Is there such a thing as "baby sleep deprivation" ?
It's clear that babies can cause sleep deprivation in others. But whether or not babies themselves suffer from sleeplessness is less clear. In my search for published studies about infants with insomnia, I've come up with almost nothing.
Researchers acknowledge all sorts of infant sleep problems, including difficulty settling, too-frequent night wakings, sleep-disordered breathing, and medical conditions that can interfere with sleep, like GERD. You can read more about it in this Parenting Science guide.
Researchers also recognize the existence of something called "behavioral insomnia" in young children. Behavioral insomnia" refers to problems caused by a child's refusal to go to bed, or by a child's dependence on lengthy or elaborate caregiving in order to fall asleep at night (Mindell et al 2006).
But -- to date -- I haven't found any scientific descriptions of chronic sleep restriction in babies.
Maybe that's a good thing, evidence that sleeplessness in babies is very rare. If you take an evolutionary perspective -- and consider how many babies have learned to sleep in slings while their parents went about their daily chores -- this seems quite plausible. Babies may be able to regulate their own sleep needs very well, even amid hustle and bustle.
Still, you may have questions. How
much sleep does your baby need? How can you tell if your baby isn't
getting enough sleep? And does chronic sleep loss during infancy have any long-term effects?
Here I review what the available evidence tells us.
Babies vary substantially in the amount of sleep that they need, especially during the first year postpartum.
For example, more than half of all 6-month-olds get at least 12 hours of sleep each day. Yet a sizeable percentage of babies -- who appear to be otherwise healthy -- sleep substantially less. So merely sleeping less-than-average doesn't mean your baby has a problem (Paavonen et al 2020).
This Parenting Science article about the normal range of sleep times in infants may help put your concerns about baby sleep deprivation in perspective.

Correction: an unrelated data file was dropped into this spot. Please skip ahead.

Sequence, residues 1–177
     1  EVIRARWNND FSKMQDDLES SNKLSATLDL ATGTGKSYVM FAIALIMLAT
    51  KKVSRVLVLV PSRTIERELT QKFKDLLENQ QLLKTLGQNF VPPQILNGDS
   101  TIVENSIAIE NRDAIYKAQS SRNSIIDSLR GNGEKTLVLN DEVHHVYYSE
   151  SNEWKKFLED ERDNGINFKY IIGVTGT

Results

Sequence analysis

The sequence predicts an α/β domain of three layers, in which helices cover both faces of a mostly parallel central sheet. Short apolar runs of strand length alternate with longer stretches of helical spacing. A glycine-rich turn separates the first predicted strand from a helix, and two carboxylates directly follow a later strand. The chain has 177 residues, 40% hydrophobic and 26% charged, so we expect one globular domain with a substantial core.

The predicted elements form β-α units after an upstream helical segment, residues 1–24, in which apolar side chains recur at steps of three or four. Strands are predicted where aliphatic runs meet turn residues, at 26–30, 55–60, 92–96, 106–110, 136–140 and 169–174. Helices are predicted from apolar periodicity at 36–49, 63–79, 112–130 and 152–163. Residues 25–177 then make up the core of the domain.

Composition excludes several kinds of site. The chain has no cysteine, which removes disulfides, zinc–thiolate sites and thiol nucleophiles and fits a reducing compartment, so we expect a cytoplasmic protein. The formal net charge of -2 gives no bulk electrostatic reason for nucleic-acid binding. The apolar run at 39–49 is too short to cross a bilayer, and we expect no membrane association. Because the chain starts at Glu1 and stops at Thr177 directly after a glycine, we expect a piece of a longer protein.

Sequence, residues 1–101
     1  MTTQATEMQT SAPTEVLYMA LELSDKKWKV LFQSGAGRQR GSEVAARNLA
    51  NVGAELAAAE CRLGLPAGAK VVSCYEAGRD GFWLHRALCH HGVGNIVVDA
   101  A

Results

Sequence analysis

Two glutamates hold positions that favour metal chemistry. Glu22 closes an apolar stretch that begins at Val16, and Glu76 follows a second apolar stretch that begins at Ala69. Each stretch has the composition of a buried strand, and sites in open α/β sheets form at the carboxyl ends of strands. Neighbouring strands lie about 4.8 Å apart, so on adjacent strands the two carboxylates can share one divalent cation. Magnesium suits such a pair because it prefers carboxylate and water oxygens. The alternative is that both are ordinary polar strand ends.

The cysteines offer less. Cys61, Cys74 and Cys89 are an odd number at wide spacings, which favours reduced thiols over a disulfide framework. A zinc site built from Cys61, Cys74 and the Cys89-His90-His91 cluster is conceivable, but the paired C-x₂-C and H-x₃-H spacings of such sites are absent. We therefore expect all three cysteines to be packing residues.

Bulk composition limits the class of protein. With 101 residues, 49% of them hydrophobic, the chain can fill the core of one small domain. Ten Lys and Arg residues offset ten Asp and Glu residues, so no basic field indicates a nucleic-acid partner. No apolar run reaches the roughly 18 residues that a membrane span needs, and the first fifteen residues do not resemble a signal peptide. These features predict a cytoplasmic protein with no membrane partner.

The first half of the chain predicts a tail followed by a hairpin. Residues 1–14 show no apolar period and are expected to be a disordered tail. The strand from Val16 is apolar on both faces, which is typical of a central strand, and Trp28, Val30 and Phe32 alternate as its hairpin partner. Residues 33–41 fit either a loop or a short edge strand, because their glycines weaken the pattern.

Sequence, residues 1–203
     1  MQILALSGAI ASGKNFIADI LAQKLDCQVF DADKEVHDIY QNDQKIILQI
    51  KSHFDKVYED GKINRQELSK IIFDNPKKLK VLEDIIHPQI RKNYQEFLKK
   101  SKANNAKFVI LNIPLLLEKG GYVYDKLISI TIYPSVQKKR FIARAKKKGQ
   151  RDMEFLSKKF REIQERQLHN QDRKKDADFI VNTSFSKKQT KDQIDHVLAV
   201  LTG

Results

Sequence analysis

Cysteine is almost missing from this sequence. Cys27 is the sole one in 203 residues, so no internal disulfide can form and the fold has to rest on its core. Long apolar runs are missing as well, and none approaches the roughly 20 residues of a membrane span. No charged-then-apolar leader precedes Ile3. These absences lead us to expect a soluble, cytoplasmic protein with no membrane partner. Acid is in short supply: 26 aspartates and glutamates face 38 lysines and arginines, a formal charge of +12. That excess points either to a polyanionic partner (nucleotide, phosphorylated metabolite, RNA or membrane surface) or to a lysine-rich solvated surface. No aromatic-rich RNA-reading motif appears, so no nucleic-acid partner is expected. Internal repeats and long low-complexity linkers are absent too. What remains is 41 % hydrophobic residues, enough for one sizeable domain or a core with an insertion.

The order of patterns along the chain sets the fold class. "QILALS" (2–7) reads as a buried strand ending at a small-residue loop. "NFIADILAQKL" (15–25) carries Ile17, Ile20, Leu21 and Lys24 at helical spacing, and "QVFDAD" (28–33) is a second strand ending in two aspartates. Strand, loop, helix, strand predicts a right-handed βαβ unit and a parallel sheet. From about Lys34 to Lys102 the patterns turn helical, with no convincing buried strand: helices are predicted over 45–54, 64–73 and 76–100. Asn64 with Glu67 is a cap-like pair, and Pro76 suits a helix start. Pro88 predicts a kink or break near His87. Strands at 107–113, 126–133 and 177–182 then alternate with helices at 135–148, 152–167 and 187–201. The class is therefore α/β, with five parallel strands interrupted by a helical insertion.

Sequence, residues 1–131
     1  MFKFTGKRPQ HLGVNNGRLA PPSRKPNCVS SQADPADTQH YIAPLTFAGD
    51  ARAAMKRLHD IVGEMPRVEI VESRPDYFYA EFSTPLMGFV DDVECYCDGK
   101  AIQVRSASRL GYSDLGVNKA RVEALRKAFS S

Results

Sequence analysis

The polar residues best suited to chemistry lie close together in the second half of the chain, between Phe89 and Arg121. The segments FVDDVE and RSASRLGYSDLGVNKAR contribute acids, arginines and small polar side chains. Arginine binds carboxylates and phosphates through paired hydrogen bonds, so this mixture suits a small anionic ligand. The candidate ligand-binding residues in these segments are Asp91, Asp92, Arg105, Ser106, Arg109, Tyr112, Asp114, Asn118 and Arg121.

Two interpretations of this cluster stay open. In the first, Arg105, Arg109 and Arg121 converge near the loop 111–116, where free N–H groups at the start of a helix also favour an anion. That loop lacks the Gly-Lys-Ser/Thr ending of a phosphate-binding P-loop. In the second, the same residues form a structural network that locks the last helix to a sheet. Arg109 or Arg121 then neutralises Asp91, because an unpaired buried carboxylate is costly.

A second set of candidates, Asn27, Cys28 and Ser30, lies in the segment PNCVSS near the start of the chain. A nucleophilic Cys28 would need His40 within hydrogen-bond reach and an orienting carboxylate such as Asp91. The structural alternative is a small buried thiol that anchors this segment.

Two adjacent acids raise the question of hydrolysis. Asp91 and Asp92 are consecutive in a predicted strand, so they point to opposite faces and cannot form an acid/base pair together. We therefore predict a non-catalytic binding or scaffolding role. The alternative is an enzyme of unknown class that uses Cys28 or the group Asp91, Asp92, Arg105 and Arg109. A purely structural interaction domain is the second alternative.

Still, it's possible for things to go wrong, even if your baby's total sleep time falls within this broad range of normal variation.
For instance, your baby may take a long time to fall asleep at night, or wake up more frequently than most other babies do. Is this evidence of a problem? Is it something you can improve?
As I explain elsewhere, there are many environmental factors that can contribute to bedtime resistance and frequent night wakings. Read more about these factors -- and how to fix them -- in this trouble-shooting guide.
And whether your baby resists bedtime, or wakes up very frequently, you may wonder about our baby's personal sleep requirements.
Some babies log as little as 9-10 hours of total sleep time each day, and don't appear to suffer from any health problems. But should we assume that all babies sleeping this little are receiving the optimal amount of sleep? No, we shouldn't.
Pediatricians and experienced parents have noted these signs of "over-tiredness" in the very young:
For older babies and toddlers, signs may also include:
I've also culled several markers of sleep deprivation from the scientific literature:
Let's take these up in detail.
I'm sure you've experienced it yourself: Running short on sleep makes it harder to bounce back from negative emotions.
We become moodier and more impulsive when we're sleep-deprived. We have more trouble interpreting the emotions of others, and we're more likely to perceive neutral stimuli as threatening (Ben Simon et al 2020).
These difficulties have been documented in preschoolers as well as adults (Lassonde et al 2016;
Berger et al 2012). But what about babies? They, too seem to be affected.
In an experimental study, researchers deliberately disrupted the sleep of 14-month-old babies during a single laboratory "sleepover." The following day, these babies showed poorer "emotional regulation," i.e., they had difficulty recovering from negative emotions (Montgomery-Downs and Gozal 2006).
Researchers studying over 600 American babies, aged 6-36 months, found that babies with feeding difficulties (e.g., refusing to eat) fell asleep later at night and slept for shorter intervals. They were also more likely be diagnosed with "behavioral insomnia" (Tauman et al 2011).
Does a lack of sleep cause feeding problems? Do feeding problems cause sleep loss? Or do these troubles go together for some other reason?
We can't know the answer from this study. It reports correlations only. But in a follow-up study, researchers found that both types of trouble tend to make parents feel more distressed (Golik et al 2013), and parental distress can fuel sleep problems.